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Siege Deepens Rift With West in Russia

U.S., Europe Said to Harbor Chechens

By Peter Baker
Washington Post Foreign Service
Friday, September 10, 2004; Page A18

MOSCOW, Sept. 9 -- Last week's attack on a Russian school has driven new wedges between Russia and the West in the fight against terrorism, as Moscow continues to accuse the United States and European countries of coddling Chechen separatists.

Foreign Minister Sergei Lavrov denounced the United States and Britain on Thursday for granting asylum to Chechen opposition figures and told other countries to stay out of Russia's fight with rebels in the breakaway republic. Defense Minister Sergei Ivanov reiterated that Russia might launch strikes against terrorist bases in other countries.

The statements came in a sixth day of escalating rhetoric, reflecting long-standing resentment of criticism from the West concerning Russia's handling of the war that has raged in Chechnya on and off for 10 years. That bitterness had largely been suppressed in recent years as Russia worked to improve relations with the West. But the terror strike in the southern town of Beslan last week appears to have unleashed frustrations.

"For some period of time it was hidden," said Alexander Pikayev, an analyst at the Committee of Scientists for Global Security, a private group. "Neither side wanted to expose that, to proliferate it into the public domain. But now, after Beslan, it becomes clear there are quite significant nuances in approach."

Pikayev said officials were taking their cues from President Vladimir Putin, who, during a late-night meeting with visiting scholars and journalists on Monday, expressed irritation with the West, which he accused of sympathizing with Chechen guerrillas. "Probably this overreaction by the Russian side might be explained by emotions," he said.

But he added that the tough talk also "reflects a new vulnerability of Mr. Putin" and may be part of a more concerted "attempt to divert public attention from the failure of Russian special services and the administration" to prevent the Beslan attack.

Putin tried to reassure the public Thursday by setting up new operational command groups in the North Caucasus region around Chechnya to better coordinate law enforcement and security agencies in fighting terrorism. The Kremlin-controlled State Duma, or lower house of parliament, also began moving to consider legislation that would toughen airline security, immigration and other policies.

But criticism of the government's fight against terrorism continued to mount. The Motherland party, a nationalist political organization created last year with behind-the-scenes support from the Kremlin, moved Thursday to have the lower house of parliament hold a vote of no-confidence in Prime Minister Mikhail Fradkov and the cabinet.

The Beslan attack was the latest in a series of terror strikes that have killed more than 1,000 people in Russia in the last two years.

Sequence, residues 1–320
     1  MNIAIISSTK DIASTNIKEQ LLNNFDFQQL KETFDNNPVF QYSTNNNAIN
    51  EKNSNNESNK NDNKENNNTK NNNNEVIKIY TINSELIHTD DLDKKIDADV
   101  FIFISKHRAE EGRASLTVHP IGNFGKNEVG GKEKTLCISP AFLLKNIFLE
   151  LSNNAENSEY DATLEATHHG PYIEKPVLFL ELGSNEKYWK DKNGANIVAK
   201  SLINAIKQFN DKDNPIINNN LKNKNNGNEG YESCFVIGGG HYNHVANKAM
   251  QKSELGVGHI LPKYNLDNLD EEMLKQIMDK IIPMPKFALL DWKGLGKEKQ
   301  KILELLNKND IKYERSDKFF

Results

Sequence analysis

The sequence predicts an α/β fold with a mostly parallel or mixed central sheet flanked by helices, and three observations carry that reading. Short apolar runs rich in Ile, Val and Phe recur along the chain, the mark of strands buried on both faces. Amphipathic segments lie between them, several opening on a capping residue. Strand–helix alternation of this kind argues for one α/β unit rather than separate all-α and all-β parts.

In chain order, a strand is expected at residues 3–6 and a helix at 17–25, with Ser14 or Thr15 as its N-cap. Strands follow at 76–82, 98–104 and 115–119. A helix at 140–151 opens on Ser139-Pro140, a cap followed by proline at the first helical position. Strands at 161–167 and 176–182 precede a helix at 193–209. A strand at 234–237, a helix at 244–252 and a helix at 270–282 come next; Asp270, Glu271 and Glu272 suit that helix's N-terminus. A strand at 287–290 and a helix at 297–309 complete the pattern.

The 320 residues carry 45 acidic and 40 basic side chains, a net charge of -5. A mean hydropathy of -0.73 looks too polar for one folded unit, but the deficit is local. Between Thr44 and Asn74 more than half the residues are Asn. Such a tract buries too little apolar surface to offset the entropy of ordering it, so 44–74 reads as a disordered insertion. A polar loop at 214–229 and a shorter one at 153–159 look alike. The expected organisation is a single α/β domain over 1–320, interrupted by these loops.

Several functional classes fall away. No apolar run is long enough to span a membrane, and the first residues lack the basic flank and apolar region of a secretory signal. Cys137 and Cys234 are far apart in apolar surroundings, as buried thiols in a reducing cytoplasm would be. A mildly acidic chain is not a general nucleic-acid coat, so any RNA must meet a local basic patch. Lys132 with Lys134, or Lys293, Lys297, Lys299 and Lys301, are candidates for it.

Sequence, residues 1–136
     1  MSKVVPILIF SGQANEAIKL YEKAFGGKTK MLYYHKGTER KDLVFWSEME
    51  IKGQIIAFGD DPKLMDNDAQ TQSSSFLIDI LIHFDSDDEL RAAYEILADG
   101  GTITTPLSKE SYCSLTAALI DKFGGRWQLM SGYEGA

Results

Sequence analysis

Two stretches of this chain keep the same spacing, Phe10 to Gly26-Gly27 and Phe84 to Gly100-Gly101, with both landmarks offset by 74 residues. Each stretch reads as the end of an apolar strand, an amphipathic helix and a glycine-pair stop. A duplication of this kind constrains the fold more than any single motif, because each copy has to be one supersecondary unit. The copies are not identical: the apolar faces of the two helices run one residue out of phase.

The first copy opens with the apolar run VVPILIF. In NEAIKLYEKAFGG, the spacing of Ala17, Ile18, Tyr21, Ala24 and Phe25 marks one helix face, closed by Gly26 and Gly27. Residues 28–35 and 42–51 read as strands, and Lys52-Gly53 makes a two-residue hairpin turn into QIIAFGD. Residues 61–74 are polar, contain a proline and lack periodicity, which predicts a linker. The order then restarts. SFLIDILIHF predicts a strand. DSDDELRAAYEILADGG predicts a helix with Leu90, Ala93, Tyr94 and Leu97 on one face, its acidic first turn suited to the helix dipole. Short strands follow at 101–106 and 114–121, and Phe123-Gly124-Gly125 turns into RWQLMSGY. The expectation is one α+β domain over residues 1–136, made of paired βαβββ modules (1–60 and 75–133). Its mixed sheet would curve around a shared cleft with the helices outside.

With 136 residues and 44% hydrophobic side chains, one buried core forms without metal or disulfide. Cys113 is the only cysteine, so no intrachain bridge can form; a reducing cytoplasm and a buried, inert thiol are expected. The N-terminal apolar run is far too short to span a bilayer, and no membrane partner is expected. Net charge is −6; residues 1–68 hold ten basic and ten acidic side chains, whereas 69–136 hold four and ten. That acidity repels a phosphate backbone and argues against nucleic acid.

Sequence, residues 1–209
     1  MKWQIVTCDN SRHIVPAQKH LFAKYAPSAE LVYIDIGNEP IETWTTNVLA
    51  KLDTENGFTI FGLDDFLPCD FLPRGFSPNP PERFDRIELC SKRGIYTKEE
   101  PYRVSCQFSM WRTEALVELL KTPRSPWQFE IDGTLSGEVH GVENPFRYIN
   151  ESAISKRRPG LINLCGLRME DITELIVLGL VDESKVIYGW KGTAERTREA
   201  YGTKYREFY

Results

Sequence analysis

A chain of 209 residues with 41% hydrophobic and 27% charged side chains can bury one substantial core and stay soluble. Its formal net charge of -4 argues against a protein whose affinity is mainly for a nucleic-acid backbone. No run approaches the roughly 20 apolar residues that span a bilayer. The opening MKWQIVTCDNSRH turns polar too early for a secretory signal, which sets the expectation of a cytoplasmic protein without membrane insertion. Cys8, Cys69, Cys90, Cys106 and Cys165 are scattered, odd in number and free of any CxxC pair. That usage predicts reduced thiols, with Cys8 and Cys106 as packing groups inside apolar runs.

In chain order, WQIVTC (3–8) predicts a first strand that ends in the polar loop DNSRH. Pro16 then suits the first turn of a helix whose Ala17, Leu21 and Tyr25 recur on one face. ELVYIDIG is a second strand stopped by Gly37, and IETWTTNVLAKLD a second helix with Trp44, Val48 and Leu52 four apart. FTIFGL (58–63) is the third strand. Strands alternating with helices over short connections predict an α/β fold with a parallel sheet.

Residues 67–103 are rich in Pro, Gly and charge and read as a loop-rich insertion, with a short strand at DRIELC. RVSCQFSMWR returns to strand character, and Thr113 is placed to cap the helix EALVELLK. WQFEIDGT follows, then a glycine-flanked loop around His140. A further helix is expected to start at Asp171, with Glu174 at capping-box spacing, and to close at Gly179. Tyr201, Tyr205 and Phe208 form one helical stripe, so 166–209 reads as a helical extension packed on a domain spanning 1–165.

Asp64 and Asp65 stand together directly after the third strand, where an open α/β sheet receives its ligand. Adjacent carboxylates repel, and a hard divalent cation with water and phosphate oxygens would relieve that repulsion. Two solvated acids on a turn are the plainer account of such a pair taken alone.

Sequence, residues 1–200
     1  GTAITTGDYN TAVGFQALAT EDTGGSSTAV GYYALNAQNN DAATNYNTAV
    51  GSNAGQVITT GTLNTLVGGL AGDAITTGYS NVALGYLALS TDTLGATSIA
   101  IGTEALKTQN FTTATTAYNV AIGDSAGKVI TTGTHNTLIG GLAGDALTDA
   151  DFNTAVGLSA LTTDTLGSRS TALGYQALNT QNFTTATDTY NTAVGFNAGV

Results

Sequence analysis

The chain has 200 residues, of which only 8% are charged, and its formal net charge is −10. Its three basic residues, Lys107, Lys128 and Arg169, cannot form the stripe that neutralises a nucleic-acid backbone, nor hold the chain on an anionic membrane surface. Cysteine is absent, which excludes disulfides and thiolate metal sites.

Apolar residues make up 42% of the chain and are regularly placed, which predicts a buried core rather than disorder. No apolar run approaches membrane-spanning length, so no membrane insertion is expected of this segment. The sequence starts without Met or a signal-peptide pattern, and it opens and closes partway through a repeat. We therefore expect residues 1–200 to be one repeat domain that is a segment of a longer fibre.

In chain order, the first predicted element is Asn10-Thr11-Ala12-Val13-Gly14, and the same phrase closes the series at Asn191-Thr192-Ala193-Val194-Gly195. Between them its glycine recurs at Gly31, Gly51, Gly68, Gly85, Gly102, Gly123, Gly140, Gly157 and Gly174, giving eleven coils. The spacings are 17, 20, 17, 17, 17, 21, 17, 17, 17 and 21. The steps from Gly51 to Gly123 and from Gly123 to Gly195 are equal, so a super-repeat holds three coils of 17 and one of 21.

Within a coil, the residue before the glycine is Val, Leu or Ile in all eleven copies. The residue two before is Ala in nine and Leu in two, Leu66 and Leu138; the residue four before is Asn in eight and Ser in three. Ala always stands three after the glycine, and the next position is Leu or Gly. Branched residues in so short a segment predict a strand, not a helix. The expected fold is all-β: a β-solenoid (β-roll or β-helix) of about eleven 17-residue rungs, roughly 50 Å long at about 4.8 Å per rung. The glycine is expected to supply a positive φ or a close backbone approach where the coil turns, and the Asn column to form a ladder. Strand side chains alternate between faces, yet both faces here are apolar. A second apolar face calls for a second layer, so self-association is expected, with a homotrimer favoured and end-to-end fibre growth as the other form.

Aware of the raw nerves in Moscow, officials in the United States and Western Europe have generally tried to avoid inflaming the situation, but even mild statements have triggered angry responses.

The rift opened last weekend after Dutch Foreign Minister Ben Bot, whose government holds the rotating European Union presidency, was quoted as saying it was "very difficult to judge from a distance" whether Russian authorities handled the school siege correctly.

Lavrov called that "blasphemy," and the Dutch ambassador to Moscow was summoned to the Foreign Ministry. Bot explained that he had been misunderstood. Putin, though, expanded on the complaints in the Monday night meeting, saying that the West was trying to push him to negotiate with "child killers" no better than Osama bin Laden.

Vice President Cheney has described U.S. support for the Russians following the attack, noting that President Bush offered condolences to Putin by telephone and that the governments were investigating al Qaeda links. "The Russians think there are significant ties" to al Qaeda, Cheney said in Cincinnati. "There may be some links there, but we don't have specific details yet."

But the Kremlin took umbrage with a statement by State Department spokesman Richard Boucher on Tuesday that did not rule out further U.S. talks with Chechen political figures, long a sensitive issue for Moscow. On Wednesday, Boucher reemphasized American outrage at the school seizure.

"Our basic views haven't changed," he said, referring to the U.S. policy of urging Russia to find a political solution to the Chechen conflict. "But we're not dealing with that here. We're dealing with a terrorist attack, a horrible terrorist attack on school children. And there's no question of political aspects of this."

That was not enough to satisfy Moscow. Lavrov said Russia would not tolerate interference in the Chechnya conflict. "I would advise them not to hinder Russia from settling its internal affairs," Lavrov told reporters in Moscow after meeting with New York's former mayor, Rudolph W. Giuliani, who was visiting the city to offer condolences.

Lavrov also criticized the United States and Britain for harboring people Russia considers to be Chechen terrorists linked to rebel commander Aslan Maskhadov, whom it blames for the Beslan strike. Maskhadov has denied responsibility. Britain has granted asylum to Akhmad Zakayev, and the United States has given the same status to Ilyas Akhmadov. Both men were top officials in Maskhadov's government.

"Those who provide shelter to terrorists are directly responsible for the tragedy of the Chechen people," Lavrov said.

Staff writer Lisa Rein in Washington contributed to this report.


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